Discussion in 'Journals' started by globalarbtrader, Feb 11, 2015.
Perfect, that's just what I needed!
GAT, just looking at your code, I am trying to understand how one could go about applying risk limits to various asset classes. your code applies instrument weights to all markets in one go without any regard to which asset class a given market belongs to. This approach may end up with increased risk allocation to commodities since there are more commodity futures than other asset classes.
One way to deal with this issue is to choose an equal number of markets from each asset class, i get that. But what if you wanted to constrain asset classes in some meaningful way, how would you do that? (Or would you do that?)
A simple way of doing this with fixed weights is to use what I call handcrafted weights, which essentially is a top down process where you allocate a certain amount to each sector, and then carve up the allocation within a sector (my actual live trading weights look like this). You don't need to code this, you can do it in a spreadsheet.
Or you can add constraints to the optimisation. In reality this is the most complex method to do properly, especially if you're doing bootstrapping as you need to avoid making inefficient use of your constraints. I'd avoid this.
Or you can run the optimisation as a bottom up process, optimising within asset classes first, and then across them. This is an approach I've used extensively in the past.
Thanks, the last method makes sense. It would require a two step optimization process, first to calculate instrument weights within an asset class, then second step for asset class weights if i understand correctly.
Would you equalize sharpes when calculating asset class weights or not? Also, how would you deal with the fact each asset class have a different number of markets? If you didnt equalize sharpes, I would guess the asset class with most number of markets would get the highest weight since more markets = more diversification = higher (backtested) sharpe. So maybe equalizing sharpes would be better
I don't agree.
Actually I would equalise Sharpes on a per instrument basis, but not on a per asset class basis.
I'd do the first inside asset class optimisation using estimated correlations and equalised sharpes (preferably boostrapped as well).
I'd then calculate expected asset class SR based on the internal correlation of the asset class and the identical SR for each instrument. That would still mean that the more numerous asset classes would get a slightly higher weighting, although this would only be coming from their internal correlation not just from luck if they happened to perform better.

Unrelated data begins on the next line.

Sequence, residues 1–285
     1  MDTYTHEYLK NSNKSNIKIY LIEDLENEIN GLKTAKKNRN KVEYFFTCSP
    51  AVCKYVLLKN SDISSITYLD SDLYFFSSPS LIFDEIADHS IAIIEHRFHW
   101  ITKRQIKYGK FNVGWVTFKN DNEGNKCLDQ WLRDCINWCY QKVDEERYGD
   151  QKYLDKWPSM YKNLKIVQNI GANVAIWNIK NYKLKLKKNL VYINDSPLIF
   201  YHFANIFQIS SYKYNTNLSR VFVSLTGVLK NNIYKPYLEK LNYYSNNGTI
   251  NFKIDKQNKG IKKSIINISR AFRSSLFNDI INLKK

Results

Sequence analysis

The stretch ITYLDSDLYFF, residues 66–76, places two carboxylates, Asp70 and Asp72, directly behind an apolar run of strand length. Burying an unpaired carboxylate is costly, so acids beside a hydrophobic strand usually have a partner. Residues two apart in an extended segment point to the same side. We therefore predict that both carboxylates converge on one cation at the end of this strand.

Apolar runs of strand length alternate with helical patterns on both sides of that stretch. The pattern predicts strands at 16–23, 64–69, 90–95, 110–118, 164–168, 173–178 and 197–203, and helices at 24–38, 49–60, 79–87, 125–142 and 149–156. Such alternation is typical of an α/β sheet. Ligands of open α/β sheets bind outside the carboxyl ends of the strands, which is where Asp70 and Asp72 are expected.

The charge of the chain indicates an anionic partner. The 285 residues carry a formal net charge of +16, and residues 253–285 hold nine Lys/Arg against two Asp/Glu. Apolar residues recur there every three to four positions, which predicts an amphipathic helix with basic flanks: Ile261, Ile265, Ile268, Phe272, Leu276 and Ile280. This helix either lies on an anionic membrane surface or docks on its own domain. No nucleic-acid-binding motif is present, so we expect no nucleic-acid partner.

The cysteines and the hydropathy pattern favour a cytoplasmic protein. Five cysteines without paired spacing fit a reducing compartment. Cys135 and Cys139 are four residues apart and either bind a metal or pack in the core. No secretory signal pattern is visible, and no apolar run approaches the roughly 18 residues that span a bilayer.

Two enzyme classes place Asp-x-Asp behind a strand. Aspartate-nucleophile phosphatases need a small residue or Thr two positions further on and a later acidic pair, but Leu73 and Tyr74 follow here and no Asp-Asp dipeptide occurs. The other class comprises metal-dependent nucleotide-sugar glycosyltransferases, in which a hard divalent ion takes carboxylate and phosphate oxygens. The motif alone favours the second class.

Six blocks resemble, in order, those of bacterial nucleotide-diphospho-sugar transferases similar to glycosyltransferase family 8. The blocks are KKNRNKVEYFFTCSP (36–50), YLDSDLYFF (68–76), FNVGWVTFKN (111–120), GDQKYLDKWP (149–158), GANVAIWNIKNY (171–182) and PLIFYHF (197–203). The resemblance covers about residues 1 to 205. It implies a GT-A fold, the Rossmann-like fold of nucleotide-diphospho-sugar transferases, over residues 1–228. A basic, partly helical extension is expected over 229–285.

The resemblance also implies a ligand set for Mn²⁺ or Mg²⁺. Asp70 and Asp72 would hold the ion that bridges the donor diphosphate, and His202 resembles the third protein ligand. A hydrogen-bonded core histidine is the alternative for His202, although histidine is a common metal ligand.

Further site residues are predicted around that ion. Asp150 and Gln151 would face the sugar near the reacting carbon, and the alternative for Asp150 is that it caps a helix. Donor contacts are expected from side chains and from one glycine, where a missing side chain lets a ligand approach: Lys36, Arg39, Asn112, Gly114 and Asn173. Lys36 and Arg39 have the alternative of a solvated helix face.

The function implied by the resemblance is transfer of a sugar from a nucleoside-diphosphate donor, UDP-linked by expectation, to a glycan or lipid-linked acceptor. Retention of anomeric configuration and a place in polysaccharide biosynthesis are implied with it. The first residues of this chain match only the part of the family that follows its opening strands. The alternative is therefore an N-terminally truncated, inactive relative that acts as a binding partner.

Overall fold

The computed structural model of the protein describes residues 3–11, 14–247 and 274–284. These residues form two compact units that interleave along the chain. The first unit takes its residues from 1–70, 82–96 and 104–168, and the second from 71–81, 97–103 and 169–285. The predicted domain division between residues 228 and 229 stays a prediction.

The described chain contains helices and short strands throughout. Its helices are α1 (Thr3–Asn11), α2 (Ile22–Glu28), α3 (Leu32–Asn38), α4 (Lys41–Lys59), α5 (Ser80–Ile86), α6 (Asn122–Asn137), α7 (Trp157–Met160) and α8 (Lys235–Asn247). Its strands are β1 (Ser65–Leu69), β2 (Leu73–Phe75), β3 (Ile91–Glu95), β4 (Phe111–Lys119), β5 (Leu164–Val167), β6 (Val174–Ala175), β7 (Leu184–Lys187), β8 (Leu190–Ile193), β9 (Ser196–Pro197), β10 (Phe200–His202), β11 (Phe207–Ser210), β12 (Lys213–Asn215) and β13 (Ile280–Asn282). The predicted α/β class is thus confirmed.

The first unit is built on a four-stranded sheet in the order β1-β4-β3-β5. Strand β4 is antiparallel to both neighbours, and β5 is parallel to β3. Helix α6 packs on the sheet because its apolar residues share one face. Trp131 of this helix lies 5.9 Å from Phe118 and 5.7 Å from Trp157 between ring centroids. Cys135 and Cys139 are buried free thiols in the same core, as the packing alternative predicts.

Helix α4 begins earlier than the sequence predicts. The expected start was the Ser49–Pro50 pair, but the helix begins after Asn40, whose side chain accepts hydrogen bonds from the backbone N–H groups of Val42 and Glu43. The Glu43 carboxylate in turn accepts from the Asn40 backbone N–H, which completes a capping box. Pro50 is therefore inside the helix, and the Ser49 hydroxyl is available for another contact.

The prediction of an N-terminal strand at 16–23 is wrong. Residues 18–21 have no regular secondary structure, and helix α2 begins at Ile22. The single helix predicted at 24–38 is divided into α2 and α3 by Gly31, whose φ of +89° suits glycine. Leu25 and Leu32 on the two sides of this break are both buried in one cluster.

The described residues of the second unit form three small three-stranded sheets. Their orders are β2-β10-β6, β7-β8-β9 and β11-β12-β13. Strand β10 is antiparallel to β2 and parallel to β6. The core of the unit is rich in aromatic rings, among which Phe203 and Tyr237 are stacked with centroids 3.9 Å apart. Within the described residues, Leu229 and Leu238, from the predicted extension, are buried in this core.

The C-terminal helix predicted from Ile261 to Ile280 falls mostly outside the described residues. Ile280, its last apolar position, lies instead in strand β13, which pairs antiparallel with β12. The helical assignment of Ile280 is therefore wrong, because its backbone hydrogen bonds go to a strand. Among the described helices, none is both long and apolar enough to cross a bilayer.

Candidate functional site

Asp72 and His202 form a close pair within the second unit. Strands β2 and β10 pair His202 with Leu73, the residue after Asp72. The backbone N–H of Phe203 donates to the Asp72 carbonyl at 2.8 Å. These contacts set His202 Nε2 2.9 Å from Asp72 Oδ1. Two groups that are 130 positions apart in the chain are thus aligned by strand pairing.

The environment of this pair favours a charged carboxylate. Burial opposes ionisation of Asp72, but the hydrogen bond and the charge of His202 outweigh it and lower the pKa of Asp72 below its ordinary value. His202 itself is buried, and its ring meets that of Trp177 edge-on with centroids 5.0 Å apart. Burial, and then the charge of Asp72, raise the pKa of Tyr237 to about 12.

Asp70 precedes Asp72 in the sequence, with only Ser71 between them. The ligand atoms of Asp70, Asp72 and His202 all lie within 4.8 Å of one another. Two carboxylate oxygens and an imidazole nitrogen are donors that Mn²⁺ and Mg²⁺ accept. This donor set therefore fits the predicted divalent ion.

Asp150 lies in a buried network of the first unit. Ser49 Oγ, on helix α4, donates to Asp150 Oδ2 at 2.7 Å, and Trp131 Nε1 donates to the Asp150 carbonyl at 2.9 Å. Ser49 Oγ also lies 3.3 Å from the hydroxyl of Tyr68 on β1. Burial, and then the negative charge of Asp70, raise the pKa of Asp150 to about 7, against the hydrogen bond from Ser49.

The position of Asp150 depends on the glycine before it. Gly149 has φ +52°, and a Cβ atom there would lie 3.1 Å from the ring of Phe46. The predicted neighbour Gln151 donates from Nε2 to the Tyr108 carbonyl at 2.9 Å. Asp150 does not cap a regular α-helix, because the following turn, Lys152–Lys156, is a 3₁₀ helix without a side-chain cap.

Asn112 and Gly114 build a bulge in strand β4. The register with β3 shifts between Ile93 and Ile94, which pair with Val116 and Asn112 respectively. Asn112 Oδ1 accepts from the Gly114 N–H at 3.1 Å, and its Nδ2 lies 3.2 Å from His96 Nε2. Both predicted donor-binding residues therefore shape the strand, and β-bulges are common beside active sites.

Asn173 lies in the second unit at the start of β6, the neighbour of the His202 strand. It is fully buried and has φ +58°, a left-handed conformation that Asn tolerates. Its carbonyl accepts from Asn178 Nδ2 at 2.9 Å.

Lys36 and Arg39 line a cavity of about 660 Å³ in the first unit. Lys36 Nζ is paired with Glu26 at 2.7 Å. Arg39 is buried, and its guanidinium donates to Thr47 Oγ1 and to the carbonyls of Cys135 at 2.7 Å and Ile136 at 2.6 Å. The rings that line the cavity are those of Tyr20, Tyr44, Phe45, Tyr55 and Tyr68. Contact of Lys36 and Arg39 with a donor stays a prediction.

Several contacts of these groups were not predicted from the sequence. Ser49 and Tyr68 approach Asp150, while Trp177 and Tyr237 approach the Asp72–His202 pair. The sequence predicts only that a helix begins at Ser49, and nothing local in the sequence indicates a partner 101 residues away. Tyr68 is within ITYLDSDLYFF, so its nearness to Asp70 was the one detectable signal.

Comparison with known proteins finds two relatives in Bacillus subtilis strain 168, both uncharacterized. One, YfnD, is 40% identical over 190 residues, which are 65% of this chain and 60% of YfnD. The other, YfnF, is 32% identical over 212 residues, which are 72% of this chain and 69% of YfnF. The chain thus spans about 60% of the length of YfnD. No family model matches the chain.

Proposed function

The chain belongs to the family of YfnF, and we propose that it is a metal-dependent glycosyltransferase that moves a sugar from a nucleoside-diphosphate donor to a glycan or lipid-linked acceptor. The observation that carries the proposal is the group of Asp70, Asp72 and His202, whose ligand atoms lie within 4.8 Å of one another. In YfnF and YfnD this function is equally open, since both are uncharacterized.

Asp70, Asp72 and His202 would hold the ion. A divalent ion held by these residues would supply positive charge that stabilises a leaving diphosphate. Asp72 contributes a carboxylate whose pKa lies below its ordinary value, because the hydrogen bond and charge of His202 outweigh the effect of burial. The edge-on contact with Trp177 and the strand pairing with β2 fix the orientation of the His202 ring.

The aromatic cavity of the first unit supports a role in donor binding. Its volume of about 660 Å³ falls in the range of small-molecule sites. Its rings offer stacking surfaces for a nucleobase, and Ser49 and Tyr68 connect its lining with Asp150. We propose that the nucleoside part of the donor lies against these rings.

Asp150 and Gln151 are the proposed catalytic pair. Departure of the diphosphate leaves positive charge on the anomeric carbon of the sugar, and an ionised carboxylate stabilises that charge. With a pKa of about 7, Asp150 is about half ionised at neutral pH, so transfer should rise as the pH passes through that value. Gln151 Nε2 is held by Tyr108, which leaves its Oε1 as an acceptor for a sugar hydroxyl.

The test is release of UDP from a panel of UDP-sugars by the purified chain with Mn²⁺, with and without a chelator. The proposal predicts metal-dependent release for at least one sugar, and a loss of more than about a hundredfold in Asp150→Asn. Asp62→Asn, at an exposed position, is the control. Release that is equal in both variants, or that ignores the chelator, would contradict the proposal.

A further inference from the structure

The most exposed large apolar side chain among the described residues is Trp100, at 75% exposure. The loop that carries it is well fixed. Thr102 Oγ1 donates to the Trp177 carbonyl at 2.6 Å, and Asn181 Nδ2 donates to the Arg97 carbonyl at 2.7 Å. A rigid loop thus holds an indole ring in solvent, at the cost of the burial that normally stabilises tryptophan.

I think I want to overweight asset classes with more instruments; although the overweighting wouldn't be as great as if you did equal weights across instruments. Even if all asset classes had zero internal correlation (unlikely!) then relative asset class weights would be proportional to the square root of the number of assets.
eg with 3 instruments, 2 in asset class A, 1 in B
Equal weights across instruments: 66.6% in asset class A, 33.3% in B
Your suggestion (implies equal sector weights) 50% in A, 50% in B
My method: 1.414 in A, 1 in B; normalised 59% in A, 41% in B
Hope that makes sense
Thanks, I like your approach, makes a lot of sense. You let the correlation benefit decide the asset class sharpe. One final question: would you equalize market sharpes within an asset class or within the portfolio? Two approaches would result in different asset class sharpes, might be worth trying both but i'm wondering what you would be inclined to do. I think I would equalize sharpes across all markets in the portfolio and let the correlation benefit do the heavy lifting as you suggest.
The latter - all assets in the portfolio get the same sharpe ratio
I was playing with your system https://github.com/robcarver17/pysystemtrade and I wonder: what is the (functional, design?) reason of having the two folders syscore and systems? I can`t pinpoint what the big picture difference is between the scripts in the two folders.
It will probably become more obvious when there is a complete system rather than just a backtesting framework, but the idea is that syscore will contain a lot of shared "core" stuff. I might end up moving stuff around of course - there's some stuff in syscore that doesn't really belong there and will probably end up moving.
I am currently reading your book I must say it has really filled in all the gaps in my 5 years of experience with the markets. I have several questions about an old chart you posted in page 6 of this thread.
If you don't mind sharing,
1) Why does breakout outperform momentum by such a huge margin? I ask because you provided some correlations in your blog for ewmac vs breakout and it seems that breakout and momentum should be pretty similar in terms of performance.
Is the breakout rule in this picture similar to http://qoppac.blogspot.sg/2016/05/a-simple-breakout-trading-rule.html or a vastly different animal?
2) What is the difference between relative carry and carry?
3) What is the difference between momentum and normmom?
4) What is the difference between globaltrend vs momentum?
5) Can you elaborate a bit more about crosssectionasset?
Thank you so much!
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